The vibes disappear with a good twist of the right wrist and life on the Comet begins where tacho needles on other bikes die of vertigo. And the surge of power can be seriously addictive. What plays a bit of a spoilsport here is the transmission as you reach for that 7000+ rpm level. Searching for the Comet on-line brings up lots of stories about the cogswapper. You’ll quickly locate monologues dealing with neutral-finding which often read: “I shifted the lever up, then down, then up, then down, then...” We called on Sherlock, who promptly killed the motor, snicked smoothly into neutral, and said, ‘Elementary, my dear Whatson.’ But once you get the hang of things, apart from the length of shifter travel, you have nothing to worry about. Blasting up and down the ribbon of tarmac we chose for the photo session, I never missed a shift. And the V-Twin never missed a beat. Indulge in its desire to rev and it goes so sweetly between 7 and 10 large that you keep wanting to return to that spot and enjoy another injection of adrenaline. And it just wants to snore away below 4000. Just to put that in perspective, there is always enough grunt to make short work of even quickly ridden 150s, but that is like competing with a sedated Michael Jordan in a slam dunk contest. The Comet comes into its own once the pistons, valves and cam lobes are blurred into oblivion, almost banging off the redline. At which point, the road side spectator will see little more than a red blur that crests the next rise in a flash and is gone.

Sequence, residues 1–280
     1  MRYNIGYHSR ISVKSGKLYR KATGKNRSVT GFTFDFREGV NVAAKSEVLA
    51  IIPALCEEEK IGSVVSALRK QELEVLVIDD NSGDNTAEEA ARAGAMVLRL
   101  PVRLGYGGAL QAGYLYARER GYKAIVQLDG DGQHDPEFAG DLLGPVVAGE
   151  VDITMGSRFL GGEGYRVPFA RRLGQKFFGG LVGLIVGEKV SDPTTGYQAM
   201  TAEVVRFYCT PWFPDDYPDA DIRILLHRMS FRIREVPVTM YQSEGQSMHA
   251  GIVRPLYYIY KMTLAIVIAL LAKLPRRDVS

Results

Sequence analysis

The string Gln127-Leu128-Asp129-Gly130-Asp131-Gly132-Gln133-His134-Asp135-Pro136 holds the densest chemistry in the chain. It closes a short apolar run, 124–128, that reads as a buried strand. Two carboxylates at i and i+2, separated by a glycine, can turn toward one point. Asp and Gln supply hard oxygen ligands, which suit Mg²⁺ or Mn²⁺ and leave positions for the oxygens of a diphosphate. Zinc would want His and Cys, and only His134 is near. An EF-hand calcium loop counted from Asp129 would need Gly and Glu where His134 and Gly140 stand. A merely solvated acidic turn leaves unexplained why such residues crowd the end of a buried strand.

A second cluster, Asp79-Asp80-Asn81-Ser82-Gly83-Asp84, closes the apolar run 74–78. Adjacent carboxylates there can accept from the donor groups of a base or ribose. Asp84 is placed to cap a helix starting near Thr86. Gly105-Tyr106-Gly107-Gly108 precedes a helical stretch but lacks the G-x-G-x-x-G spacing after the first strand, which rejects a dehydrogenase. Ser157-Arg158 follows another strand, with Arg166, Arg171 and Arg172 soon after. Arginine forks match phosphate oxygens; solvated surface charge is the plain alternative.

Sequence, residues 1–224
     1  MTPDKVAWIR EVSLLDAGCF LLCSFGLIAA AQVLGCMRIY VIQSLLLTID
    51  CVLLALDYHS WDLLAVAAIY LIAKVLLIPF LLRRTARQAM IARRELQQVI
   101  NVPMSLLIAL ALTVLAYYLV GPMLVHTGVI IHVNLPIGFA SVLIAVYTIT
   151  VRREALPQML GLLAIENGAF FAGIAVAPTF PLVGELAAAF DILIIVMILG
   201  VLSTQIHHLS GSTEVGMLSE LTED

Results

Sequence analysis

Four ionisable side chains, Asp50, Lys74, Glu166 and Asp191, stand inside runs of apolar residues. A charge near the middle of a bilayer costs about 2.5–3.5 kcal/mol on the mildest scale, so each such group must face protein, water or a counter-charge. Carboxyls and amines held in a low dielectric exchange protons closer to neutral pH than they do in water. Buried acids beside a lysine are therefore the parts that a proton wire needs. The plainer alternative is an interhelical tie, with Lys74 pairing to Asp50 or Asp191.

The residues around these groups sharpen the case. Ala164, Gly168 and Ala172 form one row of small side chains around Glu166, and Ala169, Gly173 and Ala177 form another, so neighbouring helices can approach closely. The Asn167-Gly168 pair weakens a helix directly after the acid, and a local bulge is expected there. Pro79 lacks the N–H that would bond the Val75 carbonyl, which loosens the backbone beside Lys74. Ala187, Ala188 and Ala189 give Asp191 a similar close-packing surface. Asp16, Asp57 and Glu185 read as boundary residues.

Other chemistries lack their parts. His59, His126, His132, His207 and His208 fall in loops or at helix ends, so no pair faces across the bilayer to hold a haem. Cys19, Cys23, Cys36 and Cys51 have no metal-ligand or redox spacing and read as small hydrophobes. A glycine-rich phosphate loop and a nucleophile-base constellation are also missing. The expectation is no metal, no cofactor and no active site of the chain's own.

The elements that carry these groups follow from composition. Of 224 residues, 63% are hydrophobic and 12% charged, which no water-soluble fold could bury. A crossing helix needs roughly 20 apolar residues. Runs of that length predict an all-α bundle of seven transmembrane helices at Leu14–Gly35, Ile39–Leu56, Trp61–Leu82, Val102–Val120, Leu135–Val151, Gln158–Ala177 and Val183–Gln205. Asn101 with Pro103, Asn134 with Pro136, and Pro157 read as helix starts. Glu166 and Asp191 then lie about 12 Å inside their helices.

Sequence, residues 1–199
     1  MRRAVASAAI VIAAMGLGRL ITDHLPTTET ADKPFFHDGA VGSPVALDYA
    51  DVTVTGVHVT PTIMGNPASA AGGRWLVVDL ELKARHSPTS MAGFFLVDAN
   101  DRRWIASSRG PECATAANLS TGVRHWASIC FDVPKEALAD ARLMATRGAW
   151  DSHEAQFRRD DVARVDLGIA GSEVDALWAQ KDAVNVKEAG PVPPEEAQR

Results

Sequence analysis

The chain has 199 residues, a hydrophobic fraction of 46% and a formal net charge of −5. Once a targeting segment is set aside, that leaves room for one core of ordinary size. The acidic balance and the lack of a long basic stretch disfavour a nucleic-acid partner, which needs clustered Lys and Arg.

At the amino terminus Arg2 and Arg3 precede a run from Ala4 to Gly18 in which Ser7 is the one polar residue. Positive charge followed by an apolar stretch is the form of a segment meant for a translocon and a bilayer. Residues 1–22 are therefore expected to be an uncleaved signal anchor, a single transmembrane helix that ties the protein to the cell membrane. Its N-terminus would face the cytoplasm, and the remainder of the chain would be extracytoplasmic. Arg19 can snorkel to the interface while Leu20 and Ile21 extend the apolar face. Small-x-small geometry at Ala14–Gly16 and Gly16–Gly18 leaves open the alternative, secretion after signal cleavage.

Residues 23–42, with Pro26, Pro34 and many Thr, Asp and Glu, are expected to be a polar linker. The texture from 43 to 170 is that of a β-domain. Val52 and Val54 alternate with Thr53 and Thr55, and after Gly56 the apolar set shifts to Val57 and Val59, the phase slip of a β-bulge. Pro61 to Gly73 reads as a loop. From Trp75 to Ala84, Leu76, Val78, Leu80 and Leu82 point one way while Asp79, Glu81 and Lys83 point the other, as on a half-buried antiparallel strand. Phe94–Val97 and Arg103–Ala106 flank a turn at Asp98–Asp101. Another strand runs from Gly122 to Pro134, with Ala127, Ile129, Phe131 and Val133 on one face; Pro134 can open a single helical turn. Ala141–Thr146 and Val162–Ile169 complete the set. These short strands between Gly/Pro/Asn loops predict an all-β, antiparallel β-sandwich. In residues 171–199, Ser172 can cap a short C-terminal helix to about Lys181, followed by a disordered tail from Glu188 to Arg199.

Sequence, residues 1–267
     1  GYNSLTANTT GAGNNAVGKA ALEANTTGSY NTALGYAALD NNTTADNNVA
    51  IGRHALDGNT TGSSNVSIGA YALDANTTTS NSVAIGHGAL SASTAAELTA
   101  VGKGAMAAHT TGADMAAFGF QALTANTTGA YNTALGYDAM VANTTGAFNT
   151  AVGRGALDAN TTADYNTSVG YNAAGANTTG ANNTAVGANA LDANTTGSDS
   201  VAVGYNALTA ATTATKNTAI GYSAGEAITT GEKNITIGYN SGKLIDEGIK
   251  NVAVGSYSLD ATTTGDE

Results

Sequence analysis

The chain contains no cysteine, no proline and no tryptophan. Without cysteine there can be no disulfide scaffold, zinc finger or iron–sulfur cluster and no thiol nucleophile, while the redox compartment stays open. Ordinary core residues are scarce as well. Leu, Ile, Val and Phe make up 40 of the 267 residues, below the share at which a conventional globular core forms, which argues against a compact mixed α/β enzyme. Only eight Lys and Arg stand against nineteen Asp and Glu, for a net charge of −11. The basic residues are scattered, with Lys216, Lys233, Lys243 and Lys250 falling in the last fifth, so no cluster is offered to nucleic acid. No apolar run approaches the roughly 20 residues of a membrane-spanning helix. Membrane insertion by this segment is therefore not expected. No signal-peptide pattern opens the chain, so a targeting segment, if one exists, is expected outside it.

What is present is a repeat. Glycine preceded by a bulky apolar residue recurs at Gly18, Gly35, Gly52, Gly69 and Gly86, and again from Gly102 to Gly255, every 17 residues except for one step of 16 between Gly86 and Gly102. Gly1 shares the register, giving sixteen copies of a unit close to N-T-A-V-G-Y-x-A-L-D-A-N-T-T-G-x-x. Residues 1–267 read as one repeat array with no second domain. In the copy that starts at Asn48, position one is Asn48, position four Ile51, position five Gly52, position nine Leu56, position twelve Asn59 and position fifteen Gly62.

Actually, he will also notice the whirring whine that mostly forms the soundtrack. The restrictive can allows the Comet precious little by way of a voice. Forget an Aquila-style throb, once the revs are up, the whirr and whine is almost all you can hear apart from wind. There is hope, though. Aussie tuners and Hyosung’s own tuning arm all agree that with a proper can, the Comet sounds da bizness. Not to mention that with the singing voice comes a torque curve with a welcome resemblance to Professor Sherman Klump.